Leica Summilux 35mm f/1.4 ASPH FLE Review

The Leica Summilux 35mm f/1.4 ASPH FLE is a lens I’ve owned for about 3 years in total, and used extensively for almost all genres of photography – landscape, travel, hiking, architecture, portraits, street and events. It’s been my most used lens for the period I owned it. I no longer own it, and I’ve replaced it with a Leica Summicron 35mm f/2 ASPH anda Zeiss Biogon 35mm f/2 ZM. I prefer the smaller size, ergonomics, and lighter weight of the Summicron for most of my use, as I tend to always have my camera with me regardless of where I go. I do sometimes miss the Lux’s cinematic look at f/1.4 however, but overall I’m personally more happy with the Summicron as my daily driver.

So what do I think of the Lux 35 ASPH FLE after three years of extensive use on three different cameras (M Monochrom, M Typ 240, MP)? In short, it’s an amazing piece of glass! All the images in this article was processed in Adobe Lightroom and some were further processed in Nik Silver Efex 2.

 

The Summilux 35 ASPH FLE has an amazing way of drawing a very three-dimensional image, usually with pin-sharp focus and soft and cinematic out-of-focus areas. The transition from in and out of focus is very abrupt, which creates a very modern look. I feel this is a look Leica more or less created with their Summilux 50 ASPH, and they’ve refined it ever since in most of their modern ASPH lenses. This is a look that many people love and want. At the same time, due to the nature of this look, it’s easy to be tricked into shooting this lens wide-open all the time to achieve it. Wide-open shooting isn’t suitable for every scene or subject. For me, personally, I’m a bit tired of images focusing more on how a lens draws rather than the contents of the image.

 

Geiranger, Norway. Leica M240.

 

This lens vignettes heavily at f/1.4 and improves drastically already at f/2. At f/2.8 most of the vignetting is already gone, and by f/4 it’s virtually non-existent. Yet, even at f/4, and even f/8, some of the cinematic look is still retained in this lens. It draws in a very distinct but also gentle way. I absolutely love the colors I get from this lens on a Leica M Typ 240 body for example. They’re simply fantastic, and can be compared to the colors you would get from the Noctilux f/0.95 ASPH. By comparison, the Summilux 50 ASPH will have slightly more muted colors. The colors this lens produces, combined with the overall look of the image, is simply outstanding, and is one of many reasons for owning this lens.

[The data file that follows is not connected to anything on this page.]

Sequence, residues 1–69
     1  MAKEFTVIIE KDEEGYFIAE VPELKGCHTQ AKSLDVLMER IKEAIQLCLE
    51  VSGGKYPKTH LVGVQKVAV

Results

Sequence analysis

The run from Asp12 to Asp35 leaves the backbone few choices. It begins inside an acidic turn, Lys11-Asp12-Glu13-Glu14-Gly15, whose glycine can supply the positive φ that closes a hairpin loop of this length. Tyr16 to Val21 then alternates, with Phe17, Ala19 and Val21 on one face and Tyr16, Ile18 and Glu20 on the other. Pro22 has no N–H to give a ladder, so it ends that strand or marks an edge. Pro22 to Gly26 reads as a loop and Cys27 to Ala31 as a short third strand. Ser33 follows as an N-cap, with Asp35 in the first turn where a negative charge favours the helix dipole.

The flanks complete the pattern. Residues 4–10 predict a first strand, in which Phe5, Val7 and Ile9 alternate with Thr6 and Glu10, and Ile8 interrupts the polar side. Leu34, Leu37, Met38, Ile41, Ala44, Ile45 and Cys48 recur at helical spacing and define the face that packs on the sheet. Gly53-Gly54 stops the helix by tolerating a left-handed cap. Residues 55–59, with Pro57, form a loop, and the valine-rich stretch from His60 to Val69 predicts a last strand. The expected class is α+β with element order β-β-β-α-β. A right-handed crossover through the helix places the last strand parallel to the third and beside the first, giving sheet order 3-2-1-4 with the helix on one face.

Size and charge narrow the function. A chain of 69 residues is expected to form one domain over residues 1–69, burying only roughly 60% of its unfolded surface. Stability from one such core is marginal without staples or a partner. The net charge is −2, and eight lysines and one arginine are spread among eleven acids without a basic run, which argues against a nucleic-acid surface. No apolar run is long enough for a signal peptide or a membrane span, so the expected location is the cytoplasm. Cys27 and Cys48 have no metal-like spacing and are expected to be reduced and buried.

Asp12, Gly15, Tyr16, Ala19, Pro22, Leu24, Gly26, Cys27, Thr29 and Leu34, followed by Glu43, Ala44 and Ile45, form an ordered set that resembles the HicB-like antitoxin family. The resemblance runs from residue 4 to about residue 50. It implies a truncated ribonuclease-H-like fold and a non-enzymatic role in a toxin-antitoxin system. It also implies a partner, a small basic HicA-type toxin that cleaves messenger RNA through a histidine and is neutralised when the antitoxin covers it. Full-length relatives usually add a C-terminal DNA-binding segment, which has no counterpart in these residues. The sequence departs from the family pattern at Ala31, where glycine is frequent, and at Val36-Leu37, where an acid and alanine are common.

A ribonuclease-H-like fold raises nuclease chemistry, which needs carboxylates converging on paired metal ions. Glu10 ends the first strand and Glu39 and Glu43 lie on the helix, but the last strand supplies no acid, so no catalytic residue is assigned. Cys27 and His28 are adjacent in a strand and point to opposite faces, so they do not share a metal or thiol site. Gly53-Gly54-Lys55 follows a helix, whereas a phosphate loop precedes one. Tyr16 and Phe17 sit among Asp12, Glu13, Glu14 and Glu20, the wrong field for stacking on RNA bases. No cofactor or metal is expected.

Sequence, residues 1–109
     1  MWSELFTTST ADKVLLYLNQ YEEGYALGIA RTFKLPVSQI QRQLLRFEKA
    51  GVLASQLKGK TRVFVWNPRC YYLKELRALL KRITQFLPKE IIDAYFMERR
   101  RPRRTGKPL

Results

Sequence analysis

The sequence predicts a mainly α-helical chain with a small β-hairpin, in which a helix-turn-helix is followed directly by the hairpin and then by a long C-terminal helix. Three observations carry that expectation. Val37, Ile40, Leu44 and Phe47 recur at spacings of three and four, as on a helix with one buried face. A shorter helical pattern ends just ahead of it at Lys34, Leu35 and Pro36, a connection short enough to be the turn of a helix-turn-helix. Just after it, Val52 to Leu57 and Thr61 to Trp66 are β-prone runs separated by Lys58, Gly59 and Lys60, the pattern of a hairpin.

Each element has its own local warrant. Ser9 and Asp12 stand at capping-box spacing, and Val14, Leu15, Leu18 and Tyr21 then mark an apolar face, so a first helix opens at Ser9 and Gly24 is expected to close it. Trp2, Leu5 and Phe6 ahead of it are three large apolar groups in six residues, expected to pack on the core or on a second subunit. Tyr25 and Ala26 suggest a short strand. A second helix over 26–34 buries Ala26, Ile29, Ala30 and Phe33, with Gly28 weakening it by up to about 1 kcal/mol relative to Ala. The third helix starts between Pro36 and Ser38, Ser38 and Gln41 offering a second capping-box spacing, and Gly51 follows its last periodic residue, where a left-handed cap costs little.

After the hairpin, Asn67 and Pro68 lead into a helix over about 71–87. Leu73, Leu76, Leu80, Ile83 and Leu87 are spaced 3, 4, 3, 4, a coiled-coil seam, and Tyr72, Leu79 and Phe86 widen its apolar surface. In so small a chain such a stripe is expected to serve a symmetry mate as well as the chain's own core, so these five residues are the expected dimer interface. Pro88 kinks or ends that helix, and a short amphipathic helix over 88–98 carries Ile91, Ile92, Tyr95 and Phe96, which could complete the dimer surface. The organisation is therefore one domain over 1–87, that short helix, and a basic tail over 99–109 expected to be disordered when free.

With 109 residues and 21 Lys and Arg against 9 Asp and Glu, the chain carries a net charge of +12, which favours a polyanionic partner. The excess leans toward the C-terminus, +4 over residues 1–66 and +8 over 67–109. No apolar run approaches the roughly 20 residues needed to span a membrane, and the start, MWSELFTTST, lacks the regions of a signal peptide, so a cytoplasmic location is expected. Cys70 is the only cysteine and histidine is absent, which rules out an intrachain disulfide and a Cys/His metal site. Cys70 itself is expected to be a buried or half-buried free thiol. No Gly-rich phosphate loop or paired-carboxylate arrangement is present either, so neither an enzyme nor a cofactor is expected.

Peschiera del Garda, Italy. Leica M240.

 

Handling wise the lens is great. It’s slightly thicker than I prefer, but length-wise, without the hood on, it’s pretty much perfect. It is a bit on the heavy side however. And I often wished it had a proper knurled focusing barrel rather than just the smooth metal. This is the same way the Summicron 35 ASPH is built, except the Summilux is more difficult to focus due to the floating element this lens has. Any lens with a floating element (FLE) will be noticeably less smooth and more heavy to focus than a non-FLE lens (like the Summicron). I also wish the aperture dial was stiffer. I’ve tested three samples of this lens and the aperture dial was very loose on all of them, and it’s easy to accidentally change the aperture without intending to do so. This is a fairly common complaint about this lens, and I hope Leica has taken notice on the recent production of this lens. The sample I owned was manufactured in 2013.

 

Trondheim, Norway. Leica M240.

 

Even though this lens has a floating element (FLE) to combat focus shift, it still shows some focus shift at close to mid distances between f/2.8 – f/4. I’ve tested this extensively myself, and I’ve even sent the lens to Leica for servicing to get this adjusted based on many sample images that I sent them. I was told that this was normal for this lens and that there was nothing that could be done to improve it. The focus shift is minimal, so it’s fairly easy to compensate for, and it only happens between f/2.8-f4. I mostly used this lens either at f/1.4-f/2 or f/5.6-f/8, so this wasn’t a big problem for me personally. But if you typically use your lens at mid distances a lot at f/2.8 or f/4, then other lenses might be better for your intended use.

 

Leirvassbu, Norway. Leica M240.

 

This lens also has mild field curvature at infinity. This can be a problem if you’re mainly shooting landscapes at infinity with this lens. At f/11 it’s still a problem according to some more technical articles than mine. Personally I haven’t noticed it, but then again, I’m not an avid landscape shooter. But if you are shooting landscapes primarily, I would probably consider a different lens. The Zeiss Biogon 35mm f/2 ZM is one of the sharpest lenses at infinity that I’ve ever tested. It’s also got 0% distortion, which is remarkable for a 35mm lens. The Summilux 35mm ASPH FLE has 1% distortion by comparison. So if you do serious landscape or architectural work, a Summicron 35mm ASPH or a Zeiss Biogon 35mm f/2 ZM might just be better choices for you.